In mid-2021, the New Zealand government announced an exemption to the interest-deductibility rules for some landlords and developers in the build-to-rent (BTR) sector.
This exemption is aimed at encouraging investment in large scale BTR developments to improve the long-term, quality rental housing supply. These are generally developed and professionally managed by institutional investors, developers and community housing providers. The policy aligns with the government’s goal of creating a more definite BTR asset class in the country and bolstering housing supply more widely.
To get the benefit of this new exemption, applicants must meet certain conditions. In particular, the BTR development must meet the following requirements:
If a BTR development meets all those requirements, then the developer/landlord will be able to deduct their associated interest costs for as long as they own it.
The new exemption comes into effect on 1 July 2023, and it applies to all BTR developments, whether completed before or after that date. In the case of qualifying BTR developments completed before that date, the developer/landlord will be able to deduct interest back-dated to 1 October 2021.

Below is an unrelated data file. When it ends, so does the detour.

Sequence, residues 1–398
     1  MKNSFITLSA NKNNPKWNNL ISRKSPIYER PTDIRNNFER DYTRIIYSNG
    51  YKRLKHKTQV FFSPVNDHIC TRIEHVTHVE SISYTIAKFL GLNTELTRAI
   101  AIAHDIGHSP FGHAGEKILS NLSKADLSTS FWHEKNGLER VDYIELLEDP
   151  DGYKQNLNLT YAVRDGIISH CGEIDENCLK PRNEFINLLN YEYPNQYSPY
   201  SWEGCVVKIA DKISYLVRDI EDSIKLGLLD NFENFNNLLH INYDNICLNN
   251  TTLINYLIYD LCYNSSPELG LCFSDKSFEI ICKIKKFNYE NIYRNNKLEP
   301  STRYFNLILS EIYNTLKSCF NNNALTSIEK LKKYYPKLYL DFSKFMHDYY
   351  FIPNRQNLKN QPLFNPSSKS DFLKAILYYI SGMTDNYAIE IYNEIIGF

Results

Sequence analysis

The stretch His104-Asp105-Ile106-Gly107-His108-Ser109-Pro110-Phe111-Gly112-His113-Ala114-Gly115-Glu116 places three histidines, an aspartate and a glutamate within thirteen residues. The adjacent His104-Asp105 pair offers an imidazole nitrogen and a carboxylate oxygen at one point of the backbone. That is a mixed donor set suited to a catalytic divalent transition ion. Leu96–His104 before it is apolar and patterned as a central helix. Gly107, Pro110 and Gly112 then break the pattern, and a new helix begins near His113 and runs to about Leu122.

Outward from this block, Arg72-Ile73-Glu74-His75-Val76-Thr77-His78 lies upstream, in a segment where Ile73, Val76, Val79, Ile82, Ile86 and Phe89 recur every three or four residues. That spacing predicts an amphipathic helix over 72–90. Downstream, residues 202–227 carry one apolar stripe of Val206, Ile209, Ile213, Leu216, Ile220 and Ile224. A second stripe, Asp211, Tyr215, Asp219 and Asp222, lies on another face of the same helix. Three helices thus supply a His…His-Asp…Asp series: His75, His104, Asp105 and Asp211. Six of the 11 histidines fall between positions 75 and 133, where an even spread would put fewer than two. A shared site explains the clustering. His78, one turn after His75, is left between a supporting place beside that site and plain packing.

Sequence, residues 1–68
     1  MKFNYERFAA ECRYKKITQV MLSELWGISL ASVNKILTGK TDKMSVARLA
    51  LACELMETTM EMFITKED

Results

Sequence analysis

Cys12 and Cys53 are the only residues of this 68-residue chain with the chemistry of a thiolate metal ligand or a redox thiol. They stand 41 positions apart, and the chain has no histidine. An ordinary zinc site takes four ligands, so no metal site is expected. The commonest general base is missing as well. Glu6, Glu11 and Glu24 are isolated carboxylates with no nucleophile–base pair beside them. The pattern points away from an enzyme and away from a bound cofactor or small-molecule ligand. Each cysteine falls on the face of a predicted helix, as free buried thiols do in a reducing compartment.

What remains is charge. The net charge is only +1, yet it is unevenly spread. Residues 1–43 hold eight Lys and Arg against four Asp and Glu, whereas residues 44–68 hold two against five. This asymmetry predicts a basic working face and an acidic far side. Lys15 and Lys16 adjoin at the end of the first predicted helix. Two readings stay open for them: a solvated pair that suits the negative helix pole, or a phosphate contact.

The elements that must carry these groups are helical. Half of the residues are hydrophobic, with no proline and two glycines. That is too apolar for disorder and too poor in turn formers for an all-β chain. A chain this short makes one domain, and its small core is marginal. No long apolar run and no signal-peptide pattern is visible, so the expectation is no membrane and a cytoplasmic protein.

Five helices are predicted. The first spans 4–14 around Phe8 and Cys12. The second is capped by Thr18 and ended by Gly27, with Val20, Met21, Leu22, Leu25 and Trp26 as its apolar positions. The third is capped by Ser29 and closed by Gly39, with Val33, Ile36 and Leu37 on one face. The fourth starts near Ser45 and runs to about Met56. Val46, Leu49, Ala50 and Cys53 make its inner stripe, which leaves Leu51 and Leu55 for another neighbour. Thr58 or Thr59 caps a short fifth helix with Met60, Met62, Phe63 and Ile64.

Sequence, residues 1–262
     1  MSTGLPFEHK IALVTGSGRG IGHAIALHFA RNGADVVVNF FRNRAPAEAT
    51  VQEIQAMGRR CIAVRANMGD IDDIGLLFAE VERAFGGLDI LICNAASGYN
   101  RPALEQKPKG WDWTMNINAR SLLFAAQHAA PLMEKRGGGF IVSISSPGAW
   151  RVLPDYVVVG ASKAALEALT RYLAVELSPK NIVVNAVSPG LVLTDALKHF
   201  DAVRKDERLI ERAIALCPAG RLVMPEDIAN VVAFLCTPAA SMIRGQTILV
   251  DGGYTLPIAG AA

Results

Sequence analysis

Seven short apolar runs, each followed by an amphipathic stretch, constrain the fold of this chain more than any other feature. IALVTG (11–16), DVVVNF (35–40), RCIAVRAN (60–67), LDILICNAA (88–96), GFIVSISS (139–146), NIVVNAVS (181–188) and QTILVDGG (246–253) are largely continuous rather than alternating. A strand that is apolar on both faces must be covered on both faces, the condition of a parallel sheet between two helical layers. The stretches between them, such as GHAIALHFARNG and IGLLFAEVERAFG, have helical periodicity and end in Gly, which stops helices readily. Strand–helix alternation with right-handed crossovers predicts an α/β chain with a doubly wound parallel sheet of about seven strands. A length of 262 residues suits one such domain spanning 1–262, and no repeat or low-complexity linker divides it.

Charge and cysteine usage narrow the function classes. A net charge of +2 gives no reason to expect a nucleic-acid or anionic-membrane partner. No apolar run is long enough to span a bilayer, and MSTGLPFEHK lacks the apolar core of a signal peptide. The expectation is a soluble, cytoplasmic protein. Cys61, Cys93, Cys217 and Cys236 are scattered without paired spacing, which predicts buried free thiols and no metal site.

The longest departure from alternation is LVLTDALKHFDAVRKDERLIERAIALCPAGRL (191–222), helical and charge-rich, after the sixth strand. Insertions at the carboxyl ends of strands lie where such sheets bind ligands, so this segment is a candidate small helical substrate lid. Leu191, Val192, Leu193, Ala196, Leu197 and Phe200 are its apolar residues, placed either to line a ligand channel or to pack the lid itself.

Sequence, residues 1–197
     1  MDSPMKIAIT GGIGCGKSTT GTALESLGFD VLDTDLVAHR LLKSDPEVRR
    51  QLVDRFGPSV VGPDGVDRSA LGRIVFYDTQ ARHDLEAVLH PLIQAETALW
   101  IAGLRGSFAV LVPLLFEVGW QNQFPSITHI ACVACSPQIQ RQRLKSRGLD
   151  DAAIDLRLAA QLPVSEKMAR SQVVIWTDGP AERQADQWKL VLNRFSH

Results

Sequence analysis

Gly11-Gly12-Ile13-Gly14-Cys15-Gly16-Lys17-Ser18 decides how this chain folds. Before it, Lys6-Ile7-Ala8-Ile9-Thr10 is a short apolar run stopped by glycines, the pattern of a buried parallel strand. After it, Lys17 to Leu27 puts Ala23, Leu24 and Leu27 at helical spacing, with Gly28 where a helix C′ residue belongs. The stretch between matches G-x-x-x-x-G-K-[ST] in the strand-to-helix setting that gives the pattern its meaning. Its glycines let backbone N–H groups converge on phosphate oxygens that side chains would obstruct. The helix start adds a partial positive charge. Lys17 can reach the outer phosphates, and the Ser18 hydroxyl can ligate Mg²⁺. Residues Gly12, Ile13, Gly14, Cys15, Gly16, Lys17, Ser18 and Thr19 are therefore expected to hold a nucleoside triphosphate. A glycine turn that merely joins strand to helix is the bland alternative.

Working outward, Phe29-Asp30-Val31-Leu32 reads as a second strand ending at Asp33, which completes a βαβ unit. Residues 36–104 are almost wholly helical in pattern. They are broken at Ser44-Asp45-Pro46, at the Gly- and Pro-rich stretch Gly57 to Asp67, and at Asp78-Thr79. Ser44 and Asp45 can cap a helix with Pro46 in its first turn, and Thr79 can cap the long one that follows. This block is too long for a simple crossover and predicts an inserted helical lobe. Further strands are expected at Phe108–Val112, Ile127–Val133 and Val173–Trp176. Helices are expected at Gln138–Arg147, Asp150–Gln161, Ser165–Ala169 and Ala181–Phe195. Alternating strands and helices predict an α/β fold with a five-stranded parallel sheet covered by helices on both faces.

Qualifying BTR developments will lose their interest deductibility status should they fail to meet any of the above requirements at a later date. This will incentivise landlords of qualifying BTR developments to continue to observe & perform these obligations, or face considerable financial risk by losing that status.
While this exemption has been welcomed by some, it has also been criticised for its 20-dwelling threshold, which some feel could limit the ability of smaller BTR developments to offer longer-term tenancies and contribute to greater housing availability. Overall, the exemption is seen as a step towards addressing some of the challenges faced in the New Zealand housing market, and utilising the BTR sector to address housing shortages. However, hurdles such as continued uncertainty about the liquidity of BTR assets for overseas investors, compatibility with current tenancy laws, and a GST policy that favors build-to-sell developments remain. There are also questions relating to auditing, monitoring and enforcement of the ongoing compliance of qualifying BTR developments.
It will be interesting to see whether the government will make further changes to address these challenges and encourage the growth of the BTR sector in the country.
At Wakefields Lawyers, we understand the complexities involved in the build-to-rent sector and we provide expert legal advice to landlords and developers on a range of property matters. If you have any inquiries relating to build-to-rent developments, or property law more generally, contact us on (04) 970 3600 or email email@example.com.
– Billy Hansen (Solicitor)